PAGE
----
Taiwan actively seeks bilateral free trade agreements, though it is hampered in this effort by its status vis-a-vis China. It has FTAs already with Panama (2003), Guatemala (2005), Nicaragua (2006), El Salvador (2007) and Honduras (2007). It is negotiating with Dominican Republic and Paraguay. And it hopes to negotiate further deals with Costa Rica, Israel, Swaziland, Japan, the US of course, Korea, New Zealand, Singapore and Mexico. Taipei’s emphasis on Central American countries as FTA partners is to gain access to the US market under NAFTA and CAFTA. But now Taiwan is in talks with China for a possible FTA following the signing of the Economic Cooperation Framework Agreement (ECFA) between the two governments in 2010.
last update: May 2012
Photo: simonwai/CC BY-NC-SA 2.0
Taiwan has made strides in negotiating free trade agreements with the Philippines and Singapore, the United Evening News reported yesterday, citing an unnamed high-level source within the government.
President Ma Ying-jeou said Tuesday that Japan is a major trading partner of Taiwan and that he hopes the two countries can sign a free trade agreement (FTA).
The signature campaign for the petition to initiate a referendum on the signing of an economic cooperation framework agreement (ECFA) with China launched by the Taiwan Solidarity Union (TSU) along with 50 other associations is coming along smoothly. It passed the initial threshold of 86,000 signatures in a very short time and without waiting for the Central Election Committee’s decision, the campaign is now proceeding to the second stage, which requires 860,000 signatures.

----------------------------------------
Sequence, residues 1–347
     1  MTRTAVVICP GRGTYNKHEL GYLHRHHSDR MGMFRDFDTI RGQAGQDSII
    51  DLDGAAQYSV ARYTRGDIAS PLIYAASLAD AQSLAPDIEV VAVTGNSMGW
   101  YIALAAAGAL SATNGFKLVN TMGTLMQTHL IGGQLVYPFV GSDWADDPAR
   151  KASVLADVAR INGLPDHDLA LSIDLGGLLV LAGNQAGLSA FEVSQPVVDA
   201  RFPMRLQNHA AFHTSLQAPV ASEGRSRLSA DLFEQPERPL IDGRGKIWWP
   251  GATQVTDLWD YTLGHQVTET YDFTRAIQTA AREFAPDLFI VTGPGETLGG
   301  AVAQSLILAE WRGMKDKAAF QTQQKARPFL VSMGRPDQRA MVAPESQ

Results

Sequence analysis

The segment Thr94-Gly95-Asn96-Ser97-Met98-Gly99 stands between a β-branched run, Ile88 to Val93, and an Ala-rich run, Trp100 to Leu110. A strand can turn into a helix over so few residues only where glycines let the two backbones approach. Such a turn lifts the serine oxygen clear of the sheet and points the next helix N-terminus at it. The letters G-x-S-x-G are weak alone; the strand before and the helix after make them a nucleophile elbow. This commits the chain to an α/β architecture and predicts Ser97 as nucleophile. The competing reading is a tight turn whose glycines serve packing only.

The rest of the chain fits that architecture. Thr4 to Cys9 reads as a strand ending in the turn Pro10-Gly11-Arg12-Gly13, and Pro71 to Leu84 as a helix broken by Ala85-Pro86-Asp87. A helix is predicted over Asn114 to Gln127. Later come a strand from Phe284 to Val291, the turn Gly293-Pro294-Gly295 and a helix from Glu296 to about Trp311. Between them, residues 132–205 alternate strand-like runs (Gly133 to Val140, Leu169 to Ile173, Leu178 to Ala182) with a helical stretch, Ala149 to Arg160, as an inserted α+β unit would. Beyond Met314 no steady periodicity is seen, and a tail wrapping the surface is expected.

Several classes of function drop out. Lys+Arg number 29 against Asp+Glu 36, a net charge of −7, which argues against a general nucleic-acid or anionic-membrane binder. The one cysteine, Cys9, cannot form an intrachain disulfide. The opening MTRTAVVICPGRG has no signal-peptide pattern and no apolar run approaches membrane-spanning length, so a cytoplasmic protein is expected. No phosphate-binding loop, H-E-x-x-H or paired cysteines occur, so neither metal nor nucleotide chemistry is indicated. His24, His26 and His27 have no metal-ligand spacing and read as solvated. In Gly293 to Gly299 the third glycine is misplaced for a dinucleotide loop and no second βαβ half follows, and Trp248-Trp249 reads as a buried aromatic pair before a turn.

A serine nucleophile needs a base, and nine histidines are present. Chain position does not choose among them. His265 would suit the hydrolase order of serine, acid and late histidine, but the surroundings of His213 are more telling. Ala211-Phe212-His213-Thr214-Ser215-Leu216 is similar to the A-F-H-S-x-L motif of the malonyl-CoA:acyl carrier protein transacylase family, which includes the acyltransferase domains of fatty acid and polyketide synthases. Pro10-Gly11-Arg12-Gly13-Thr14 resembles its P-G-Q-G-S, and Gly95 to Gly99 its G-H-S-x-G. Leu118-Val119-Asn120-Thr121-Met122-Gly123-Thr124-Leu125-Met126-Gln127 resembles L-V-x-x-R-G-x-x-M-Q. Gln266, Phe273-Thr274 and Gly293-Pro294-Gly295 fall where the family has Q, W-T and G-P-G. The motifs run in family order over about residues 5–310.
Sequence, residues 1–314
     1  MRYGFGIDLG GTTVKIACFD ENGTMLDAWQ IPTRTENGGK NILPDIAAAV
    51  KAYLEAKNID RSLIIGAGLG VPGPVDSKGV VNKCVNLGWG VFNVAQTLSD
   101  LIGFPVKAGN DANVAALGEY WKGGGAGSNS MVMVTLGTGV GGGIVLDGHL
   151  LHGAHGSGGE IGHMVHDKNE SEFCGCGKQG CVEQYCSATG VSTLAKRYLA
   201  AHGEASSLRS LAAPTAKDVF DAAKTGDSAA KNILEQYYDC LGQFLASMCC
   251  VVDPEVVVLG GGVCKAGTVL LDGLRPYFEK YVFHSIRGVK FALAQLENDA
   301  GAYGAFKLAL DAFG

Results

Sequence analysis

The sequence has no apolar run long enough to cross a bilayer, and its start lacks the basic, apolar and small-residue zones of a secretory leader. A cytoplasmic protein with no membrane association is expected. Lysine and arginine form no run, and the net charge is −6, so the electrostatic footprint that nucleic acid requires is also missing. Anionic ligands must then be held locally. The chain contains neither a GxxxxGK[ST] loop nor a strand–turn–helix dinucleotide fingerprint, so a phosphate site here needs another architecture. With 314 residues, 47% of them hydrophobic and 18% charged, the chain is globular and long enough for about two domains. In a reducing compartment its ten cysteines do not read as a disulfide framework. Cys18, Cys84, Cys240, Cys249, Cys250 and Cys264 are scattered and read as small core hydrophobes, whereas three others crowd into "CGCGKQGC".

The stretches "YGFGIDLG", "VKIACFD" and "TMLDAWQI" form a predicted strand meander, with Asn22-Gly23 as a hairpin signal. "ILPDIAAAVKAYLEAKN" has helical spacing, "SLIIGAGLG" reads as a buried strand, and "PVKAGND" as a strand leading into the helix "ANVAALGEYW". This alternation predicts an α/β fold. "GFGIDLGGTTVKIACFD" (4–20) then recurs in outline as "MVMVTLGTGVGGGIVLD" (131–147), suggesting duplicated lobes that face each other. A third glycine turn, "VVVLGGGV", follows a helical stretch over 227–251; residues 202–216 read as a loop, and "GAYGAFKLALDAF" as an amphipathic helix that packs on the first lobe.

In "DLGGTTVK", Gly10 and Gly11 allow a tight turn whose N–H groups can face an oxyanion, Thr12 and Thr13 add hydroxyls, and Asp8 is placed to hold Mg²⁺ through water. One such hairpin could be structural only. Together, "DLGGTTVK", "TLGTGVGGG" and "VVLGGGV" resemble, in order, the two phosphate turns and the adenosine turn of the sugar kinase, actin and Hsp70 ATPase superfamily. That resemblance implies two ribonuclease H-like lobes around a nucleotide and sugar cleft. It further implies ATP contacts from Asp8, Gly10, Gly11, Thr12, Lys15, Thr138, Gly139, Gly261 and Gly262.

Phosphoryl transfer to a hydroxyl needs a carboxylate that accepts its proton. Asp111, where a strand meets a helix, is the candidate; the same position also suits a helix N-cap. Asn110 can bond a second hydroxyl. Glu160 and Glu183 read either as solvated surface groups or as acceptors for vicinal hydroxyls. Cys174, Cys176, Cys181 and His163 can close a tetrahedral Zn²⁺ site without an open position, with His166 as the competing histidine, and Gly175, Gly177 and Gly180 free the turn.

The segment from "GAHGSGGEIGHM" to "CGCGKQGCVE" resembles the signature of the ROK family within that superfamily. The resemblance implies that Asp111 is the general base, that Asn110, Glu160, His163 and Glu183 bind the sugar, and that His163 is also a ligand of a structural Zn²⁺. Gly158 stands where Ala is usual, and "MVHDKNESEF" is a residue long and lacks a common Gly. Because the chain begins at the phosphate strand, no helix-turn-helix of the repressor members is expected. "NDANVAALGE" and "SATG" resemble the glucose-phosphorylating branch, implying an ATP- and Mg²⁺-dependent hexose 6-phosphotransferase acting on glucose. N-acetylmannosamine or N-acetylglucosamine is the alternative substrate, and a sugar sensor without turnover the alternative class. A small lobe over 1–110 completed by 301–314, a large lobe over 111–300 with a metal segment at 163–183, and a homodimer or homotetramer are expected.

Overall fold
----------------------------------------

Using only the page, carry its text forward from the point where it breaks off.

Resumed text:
Taiwan has leveraged its goal of a landmark trade deal with China to open talks with Japan, the United States and other powers on free trade deals expected to boost the long-isolated island economy, officials said on Friday.
Taiwan is looking to negotiate a free-trade agreement with ASEAN as soon as it accomplishes its historic economic partnership with China, slated to be signed this June, say official and scholars.
A legislative committee meeting to hear a report on the government’s proposed economic cooperation framework agreement (ECFA) with China was postponed again after Democratic Progressive Party (DPP) lawmakers dismissed the report as a “false front.”
The Presidential Office yesterday hit back at critics — including former president Lee Teng-hui (李登輝) — who said on Saturday that an economic cooperation framework agreement (ECFA) the government is seeking to sign with Beijing this year will undermine Taiwan’s competitiveness.
Taiwan’s President Ma Ying-jeou on Thursday expressed his wish to strike a free trade agreement with Japan
Lai Hsingyuan, minister of Mainland Affairs Counsel, noted surprisingly yesterday that ECFA and FTA with other countries are totally different things, and she hadn’t noticed any disturbance from China over the last 20 months.
The government has earmarked close to five hundred items for inclusion on an "Early Harvest" list in an economic agreement with China, according to Economics Minister Shih Yen-shiang on Wednesday.